No matter where they attack prey, Nile Crocodile and other crocodilians take practically all of their food by ambush, needing to grab their prey in a matter of seconds to succeed.
They have an exothermic metabolism, so can survive for long periods between meals though when they do eat, they can eat up to half the weight of their body at a time. However, for such large animals, their stomachs are relatively small, not much larger than a basketball in an average-sized adult, so, we put it that, they are anything but voracious eaters. They can survive several months without food.
The Nile Crocodile mostly hunts within the confines of waterways, attacking aquatic prey or terrestrial animals when they came to the water to drink or to cross. They drag the prey into the water and drown them. Occasionally, a Nile Crocodile quietly surfaces so that only its eyes (to check positioning) and nostrils are visible, and swims quietly and stealthily towards its mark. The attack is unpredictable and sudden. The crocodile lunges its body out of water in practically the blink of an eye and grasps its prey. On some other occasions, more of its head and upper body is visible, especially when the terrestrial prey animal is on higher ground, to get a sense of the direction of the prey item.
These crocodiles eat rocks/stones, which may account for 1% of total body weight. Although, this is most common amongst adult Nile Crocodiles, so as to help maintain buoyancy in the water. Ingesting these stones is also useful when laying on the river bottom and also useful to lower the center of gravity and gain stability in the water. Added weight also helps to subdue struggling prey.
The youngest juveniles are insectivorous, they consume water-bugs, dragonfly nymphs, beetles, spiders, mole crickets, frogs, snails. Older juveniles take more small vertebrates and invertebrates; they eat freshwater crabs, snails, toads, frogs, turtles, small birds and rodents.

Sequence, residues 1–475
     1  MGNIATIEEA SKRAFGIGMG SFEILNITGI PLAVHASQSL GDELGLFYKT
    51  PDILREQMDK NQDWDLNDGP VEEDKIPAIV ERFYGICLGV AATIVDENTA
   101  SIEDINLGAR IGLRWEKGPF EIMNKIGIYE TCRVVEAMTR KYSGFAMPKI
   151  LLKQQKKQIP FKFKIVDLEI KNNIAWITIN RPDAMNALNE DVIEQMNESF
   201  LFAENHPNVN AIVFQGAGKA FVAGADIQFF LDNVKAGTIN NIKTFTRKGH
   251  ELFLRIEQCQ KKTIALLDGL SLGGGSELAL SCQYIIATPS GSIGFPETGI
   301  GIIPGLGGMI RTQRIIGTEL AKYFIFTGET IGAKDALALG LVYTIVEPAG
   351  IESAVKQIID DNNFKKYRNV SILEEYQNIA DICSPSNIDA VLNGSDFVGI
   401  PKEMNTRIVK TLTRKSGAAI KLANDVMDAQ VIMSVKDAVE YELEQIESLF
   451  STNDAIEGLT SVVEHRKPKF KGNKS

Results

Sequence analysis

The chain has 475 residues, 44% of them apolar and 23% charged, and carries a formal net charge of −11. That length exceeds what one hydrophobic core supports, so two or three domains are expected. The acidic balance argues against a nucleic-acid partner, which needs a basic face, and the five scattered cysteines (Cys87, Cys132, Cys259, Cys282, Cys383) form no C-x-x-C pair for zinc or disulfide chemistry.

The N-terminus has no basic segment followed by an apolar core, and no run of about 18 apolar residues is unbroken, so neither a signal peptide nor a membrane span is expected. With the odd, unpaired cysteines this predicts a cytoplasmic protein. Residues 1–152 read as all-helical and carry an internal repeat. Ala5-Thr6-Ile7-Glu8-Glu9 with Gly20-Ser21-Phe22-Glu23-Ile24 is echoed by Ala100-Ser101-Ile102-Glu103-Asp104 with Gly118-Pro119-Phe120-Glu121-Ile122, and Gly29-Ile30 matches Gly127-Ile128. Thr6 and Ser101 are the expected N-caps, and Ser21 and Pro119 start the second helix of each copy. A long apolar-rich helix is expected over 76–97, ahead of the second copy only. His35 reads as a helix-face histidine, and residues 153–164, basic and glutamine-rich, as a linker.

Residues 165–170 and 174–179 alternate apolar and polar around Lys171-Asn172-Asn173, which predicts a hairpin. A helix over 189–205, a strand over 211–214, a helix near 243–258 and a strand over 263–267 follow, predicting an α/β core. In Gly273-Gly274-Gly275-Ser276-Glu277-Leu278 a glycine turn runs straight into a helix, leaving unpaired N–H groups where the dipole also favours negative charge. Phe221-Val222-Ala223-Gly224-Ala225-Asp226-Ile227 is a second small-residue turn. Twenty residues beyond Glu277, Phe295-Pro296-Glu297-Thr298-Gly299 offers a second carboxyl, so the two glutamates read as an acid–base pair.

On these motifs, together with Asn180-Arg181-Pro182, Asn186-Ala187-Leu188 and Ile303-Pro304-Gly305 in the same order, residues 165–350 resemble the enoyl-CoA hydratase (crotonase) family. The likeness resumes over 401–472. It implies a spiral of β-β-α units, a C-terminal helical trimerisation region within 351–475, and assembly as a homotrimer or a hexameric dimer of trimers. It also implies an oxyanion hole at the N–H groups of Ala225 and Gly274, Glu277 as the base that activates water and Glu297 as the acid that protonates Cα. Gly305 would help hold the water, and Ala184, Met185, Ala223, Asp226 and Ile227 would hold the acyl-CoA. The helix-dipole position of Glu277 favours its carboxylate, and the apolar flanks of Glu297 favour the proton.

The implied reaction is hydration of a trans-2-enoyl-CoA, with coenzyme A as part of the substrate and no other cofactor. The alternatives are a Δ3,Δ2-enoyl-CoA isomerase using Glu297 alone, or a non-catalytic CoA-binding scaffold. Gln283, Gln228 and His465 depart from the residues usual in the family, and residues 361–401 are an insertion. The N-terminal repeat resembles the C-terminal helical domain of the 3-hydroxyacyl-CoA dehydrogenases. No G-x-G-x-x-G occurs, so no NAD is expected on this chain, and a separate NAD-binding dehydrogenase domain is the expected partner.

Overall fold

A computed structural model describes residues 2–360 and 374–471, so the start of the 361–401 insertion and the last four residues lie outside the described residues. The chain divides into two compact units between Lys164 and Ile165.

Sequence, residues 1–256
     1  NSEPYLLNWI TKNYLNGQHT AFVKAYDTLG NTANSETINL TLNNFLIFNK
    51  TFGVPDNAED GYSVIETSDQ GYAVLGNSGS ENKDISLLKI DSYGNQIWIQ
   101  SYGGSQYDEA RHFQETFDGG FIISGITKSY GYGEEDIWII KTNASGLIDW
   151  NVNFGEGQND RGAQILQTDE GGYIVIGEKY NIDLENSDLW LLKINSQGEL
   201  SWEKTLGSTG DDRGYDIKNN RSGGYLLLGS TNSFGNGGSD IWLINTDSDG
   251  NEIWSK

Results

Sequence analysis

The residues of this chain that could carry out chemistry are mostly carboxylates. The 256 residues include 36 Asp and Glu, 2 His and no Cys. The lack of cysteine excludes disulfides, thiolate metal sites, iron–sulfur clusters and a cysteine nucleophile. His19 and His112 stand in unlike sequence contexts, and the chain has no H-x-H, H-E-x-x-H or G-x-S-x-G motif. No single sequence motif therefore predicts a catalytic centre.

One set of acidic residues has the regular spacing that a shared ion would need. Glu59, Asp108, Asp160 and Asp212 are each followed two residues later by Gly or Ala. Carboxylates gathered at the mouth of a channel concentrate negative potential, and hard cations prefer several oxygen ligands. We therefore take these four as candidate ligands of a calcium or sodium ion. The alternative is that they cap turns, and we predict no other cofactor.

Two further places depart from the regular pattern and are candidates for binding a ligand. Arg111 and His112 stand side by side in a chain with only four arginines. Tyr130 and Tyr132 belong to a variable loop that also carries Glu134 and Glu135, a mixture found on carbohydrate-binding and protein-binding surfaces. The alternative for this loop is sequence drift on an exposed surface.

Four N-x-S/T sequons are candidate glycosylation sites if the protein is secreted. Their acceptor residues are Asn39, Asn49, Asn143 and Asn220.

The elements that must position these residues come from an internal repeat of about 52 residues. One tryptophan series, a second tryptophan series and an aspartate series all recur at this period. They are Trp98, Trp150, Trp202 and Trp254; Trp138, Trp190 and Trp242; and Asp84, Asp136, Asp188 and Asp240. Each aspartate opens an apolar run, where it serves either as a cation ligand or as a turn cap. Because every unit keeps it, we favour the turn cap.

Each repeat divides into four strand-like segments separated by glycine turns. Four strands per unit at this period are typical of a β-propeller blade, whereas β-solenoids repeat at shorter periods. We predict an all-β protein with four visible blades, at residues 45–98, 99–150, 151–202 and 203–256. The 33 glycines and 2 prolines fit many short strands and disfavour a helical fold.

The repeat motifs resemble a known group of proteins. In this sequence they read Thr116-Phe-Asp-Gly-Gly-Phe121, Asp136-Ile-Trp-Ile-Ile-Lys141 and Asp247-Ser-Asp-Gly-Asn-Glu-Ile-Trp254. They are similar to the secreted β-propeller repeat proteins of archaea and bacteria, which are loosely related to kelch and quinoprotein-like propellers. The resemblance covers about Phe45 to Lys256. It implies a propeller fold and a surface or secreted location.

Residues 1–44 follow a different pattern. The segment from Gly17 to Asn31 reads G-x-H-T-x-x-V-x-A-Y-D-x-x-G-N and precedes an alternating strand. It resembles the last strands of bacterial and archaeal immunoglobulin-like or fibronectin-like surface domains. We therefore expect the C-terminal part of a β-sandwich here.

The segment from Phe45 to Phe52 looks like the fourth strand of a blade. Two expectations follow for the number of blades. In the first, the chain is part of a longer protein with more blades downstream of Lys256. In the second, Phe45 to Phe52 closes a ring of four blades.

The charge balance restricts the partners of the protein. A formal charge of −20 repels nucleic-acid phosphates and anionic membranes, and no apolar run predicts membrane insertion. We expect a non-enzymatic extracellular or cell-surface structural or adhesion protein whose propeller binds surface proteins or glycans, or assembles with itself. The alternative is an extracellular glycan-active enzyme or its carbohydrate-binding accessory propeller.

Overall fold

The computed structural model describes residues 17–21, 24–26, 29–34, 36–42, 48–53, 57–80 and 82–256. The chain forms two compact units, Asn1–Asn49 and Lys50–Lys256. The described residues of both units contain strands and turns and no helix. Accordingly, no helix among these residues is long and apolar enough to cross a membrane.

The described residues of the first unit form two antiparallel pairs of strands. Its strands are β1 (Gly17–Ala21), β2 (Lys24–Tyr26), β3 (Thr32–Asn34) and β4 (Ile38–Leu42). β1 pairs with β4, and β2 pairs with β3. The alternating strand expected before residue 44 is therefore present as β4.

The Nile Crocodile are gregarious animals, they tolerate the nearness of other Nile Crocodiles. They are relatively social crocodiles. They share basking spots and large food sources, such as schools of fish and big carcasses.
Generally, Nile Crocodiles are relatively inert creatures, as are most crocodilians and other large, cold-blooded creatures. They spend their time continuously basking with their jaws open, if it were a sunny day. If their jaws are bound together in the extreme midday heat, Nile Crocodiles may easily die from overheating. Although, they can remain motionless for hours on end, Nile Crocodiles are said to be constantly aware of their immediate surrounding and aware of the presence of other animals.
They are known to usually dive for only a few minutes at a time, but can swim under water for up to 30 minutes if threatened; and if they remain fully inactive, they can hold their breath for up to 2 hours (which is due to the high levels of lactic acid in their blood).
These reptiles are mainly nocturnal. Male Nile Crocodiles are highly territorial, they patrol and defend their territories, which often include parts of the shoreline, extending about 50 meters into the water. Their strict hierarchy is determined by size.
They are exceptionally fast runners, and in general, these crocodiles have very quick reflexes, but unfortunately, tire quickly.
What is fascinating about these cold-blooded predators is that they possess extraordinary parental instincts. Most other crocodiles will simply lay their eggs and move on, but the female and male Nile Crocodiles assist their hatchlings by gently cracking the eggs in their mouths. The females also use their enormous jaws to transport their hatchlings safely to 'nursery pools', where they fiercely guard them against other predators.
Nile Crocodiles exhibit polygynous mating habits, where one male mates with a number of females. Male Nile Crocodiles usually attract receptive females, making a wide variety of noises through bellowing, slapping their snouts in the water or blowing water out of their noses. Meanwhile, larger males are usually more successful in finding mates.